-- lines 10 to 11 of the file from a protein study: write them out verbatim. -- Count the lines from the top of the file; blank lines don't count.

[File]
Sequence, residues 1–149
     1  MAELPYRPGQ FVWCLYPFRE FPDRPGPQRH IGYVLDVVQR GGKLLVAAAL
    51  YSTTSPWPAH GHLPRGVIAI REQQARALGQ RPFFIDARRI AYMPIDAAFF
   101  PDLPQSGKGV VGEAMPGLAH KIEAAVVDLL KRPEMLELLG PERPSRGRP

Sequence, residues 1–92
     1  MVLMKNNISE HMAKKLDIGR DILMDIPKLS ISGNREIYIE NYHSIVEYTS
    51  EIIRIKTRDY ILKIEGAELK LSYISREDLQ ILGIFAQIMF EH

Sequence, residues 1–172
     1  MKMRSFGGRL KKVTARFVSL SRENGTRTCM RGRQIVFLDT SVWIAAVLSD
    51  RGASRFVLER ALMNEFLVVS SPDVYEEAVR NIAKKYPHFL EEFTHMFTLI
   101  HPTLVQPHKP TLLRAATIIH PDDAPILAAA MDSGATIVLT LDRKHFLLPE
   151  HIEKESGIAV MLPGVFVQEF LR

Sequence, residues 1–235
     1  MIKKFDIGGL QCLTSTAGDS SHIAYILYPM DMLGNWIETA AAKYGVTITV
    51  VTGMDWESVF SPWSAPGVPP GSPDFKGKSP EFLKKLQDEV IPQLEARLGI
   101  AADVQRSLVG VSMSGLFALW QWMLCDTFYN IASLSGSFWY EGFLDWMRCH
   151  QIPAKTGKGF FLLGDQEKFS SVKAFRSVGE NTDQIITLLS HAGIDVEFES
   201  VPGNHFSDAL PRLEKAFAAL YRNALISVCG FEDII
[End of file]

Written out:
    51  RGASRFVLER ALMNEFLVVS SPDVYEEAVR NIAKKYPHFL EEFTHMFTLI
   101  HPTLVQPHKP TLLRAATIIH PDDAPILAAA MDSGATIVLT LDRKHFLLPE